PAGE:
As a nod to Brighton Beach, the UK’s size? dropped an exclusive ‘Clerks’ edition of the AM90 back in 2006. The Bone/Teal/Baroque Brown drop has been coveted ever since for its luxurious construction, which paired nappy suede with tumbled leather and faux croc mudguards. The perfectly-placed pink accents didn’t hurt, either.
Patta x Nike Air Max 90 ‘Homegrown’ (2006)Patta x Nike Air Max 90 ‘Homegrown’ (2006)
Just a couple of short years after bursting onto the scene in Amsterdam, Dutch streetwear imprint Patta was honoured with the opportunity to leave their mark on the AM90. 2006’s ‘Homegrown’ drop flawlessly incorporated leather, suede, and perforated nubuck across a green upper – while the leather panels even came with leafy detailing as a nod to the prevailing weed culture in Patta’s hometown stomping grounds. Finally, ‘Orange Blaze’ accents were also employed as a nod to the Netherlands’ national team’s iconic home kits. Then, in 2007, Patta celebrated the launch of State Magazine with an orange version of the design, which can still command upwards of $10,000.
HUF x Nike Air Max 90 ‘HUFquake’ Pack (2007)HUF x Nike Air Max 90 ‘HUFquake’ Pack (2007)
When Keith Hufnagel and company got their hands on the AM90 in 2007, they channelled the look of another classic Tinker Hatfield design: 1989’s Air Jordan 4. They didn’t just borrow that silhouette’s ‘Military Blue’ look, though. The HUF crew also added an earth-shattering motif to the ‘Neutral Grey’ panels, seemingly a playful take on the Jumpman’s old elephant print, and a nod to San Francisco’s ubiquitous earthquakes. Two years later, the aptly named ‘HUFquake’ scheme hit the Swoosh’s unique Air Max 90 Current Huarache hybrid, too, albeit with a slightly different colour palette.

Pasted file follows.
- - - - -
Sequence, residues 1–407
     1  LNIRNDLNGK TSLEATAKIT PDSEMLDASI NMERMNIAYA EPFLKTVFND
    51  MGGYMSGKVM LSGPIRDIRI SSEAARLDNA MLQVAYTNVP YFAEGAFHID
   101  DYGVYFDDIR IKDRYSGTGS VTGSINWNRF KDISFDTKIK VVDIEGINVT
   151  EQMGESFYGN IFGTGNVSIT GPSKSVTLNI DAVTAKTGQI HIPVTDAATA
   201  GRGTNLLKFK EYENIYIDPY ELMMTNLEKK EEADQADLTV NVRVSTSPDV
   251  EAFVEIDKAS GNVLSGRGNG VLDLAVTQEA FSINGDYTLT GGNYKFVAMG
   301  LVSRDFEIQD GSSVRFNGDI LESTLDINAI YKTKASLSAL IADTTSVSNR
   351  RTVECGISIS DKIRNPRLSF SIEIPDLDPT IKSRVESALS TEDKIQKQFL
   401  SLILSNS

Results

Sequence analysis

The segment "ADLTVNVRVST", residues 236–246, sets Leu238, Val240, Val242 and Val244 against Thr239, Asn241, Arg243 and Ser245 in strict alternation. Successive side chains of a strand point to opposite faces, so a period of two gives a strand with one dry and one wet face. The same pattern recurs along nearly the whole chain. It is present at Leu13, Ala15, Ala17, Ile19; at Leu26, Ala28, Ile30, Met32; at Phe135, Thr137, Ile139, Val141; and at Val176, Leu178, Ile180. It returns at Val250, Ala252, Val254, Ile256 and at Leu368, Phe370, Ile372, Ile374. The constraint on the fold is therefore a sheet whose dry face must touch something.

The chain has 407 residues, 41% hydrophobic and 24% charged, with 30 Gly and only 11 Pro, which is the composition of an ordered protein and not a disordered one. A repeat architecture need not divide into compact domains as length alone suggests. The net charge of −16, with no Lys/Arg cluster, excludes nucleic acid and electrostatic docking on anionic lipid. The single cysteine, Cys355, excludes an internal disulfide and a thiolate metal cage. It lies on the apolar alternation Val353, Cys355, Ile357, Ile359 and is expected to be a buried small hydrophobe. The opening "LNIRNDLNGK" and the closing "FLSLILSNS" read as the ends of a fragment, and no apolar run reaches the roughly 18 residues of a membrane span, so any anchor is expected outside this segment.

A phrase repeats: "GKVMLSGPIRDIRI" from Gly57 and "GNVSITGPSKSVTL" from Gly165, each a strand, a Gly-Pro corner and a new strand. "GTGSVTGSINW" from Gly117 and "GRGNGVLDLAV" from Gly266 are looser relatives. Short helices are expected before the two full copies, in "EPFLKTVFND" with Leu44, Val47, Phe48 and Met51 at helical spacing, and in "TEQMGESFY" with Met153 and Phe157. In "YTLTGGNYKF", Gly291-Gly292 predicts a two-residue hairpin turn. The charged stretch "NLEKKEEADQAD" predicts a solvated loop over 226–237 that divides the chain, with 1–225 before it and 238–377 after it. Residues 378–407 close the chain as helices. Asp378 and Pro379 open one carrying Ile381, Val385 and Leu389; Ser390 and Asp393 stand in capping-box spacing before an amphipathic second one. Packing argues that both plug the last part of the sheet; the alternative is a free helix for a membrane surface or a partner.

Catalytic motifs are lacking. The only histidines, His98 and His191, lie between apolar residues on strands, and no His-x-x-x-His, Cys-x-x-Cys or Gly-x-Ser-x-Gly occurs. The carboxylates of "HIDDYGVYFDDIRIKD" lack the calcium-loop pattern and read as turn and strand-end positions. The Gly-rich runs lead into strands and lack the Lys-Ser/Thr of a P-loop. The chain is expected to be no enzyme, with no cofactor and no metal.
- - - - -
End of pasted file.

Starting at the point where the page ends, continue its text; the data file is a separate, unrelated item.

Nike Air Max 90 ‘Warhawk’ (2007)Nike Air Max 90 ‘Warhawk’ (2007)
Nike have a long history of dope military-inspired releases, and the ‘Warhawk’ may be the best of them all. Part of 2007’s ‘Armed Forces’ pack, the release took cues from the P-40 Warhawk fighters that took to the skies during World War II, and transferred its unmistakable livery to the retro runner, menacing shark teeth and all.
Dizzee Rascal x Nike Air Max 90 ‘Tongue n’ Cheek’ (2009)Dizzee Rascal x Nike Air Max 90 ‘Tongue n’ Cheek’ (2009)
Grime icon Dizzee Rascal marked the release of his fourth album, Tongue n’ Cheek, with his very own Air Max 90 collaboration in 2009. Rascal tapped the LP’s cover artist, Ben Drury, for a little help, cooking up a creamy AM90 with a colour palette inspired by the album’s cover. The results saw dusty pink tongues alongside translucent moulding, premium materials, and reflective heels bearing the silhouette of Rascal himself. ‘Tongue n’ Cheek’ was also embroidered in red across the tongues, while the Dirtee Stank Records logo could be seen through the translucent outsoles. Proceeds from the sale of the extremely limited colab went to benefit the charity Tower Hamlets Summer University (now known as Futureversity), which offers independent learning programs to young Brits in London.
Header image via Nike.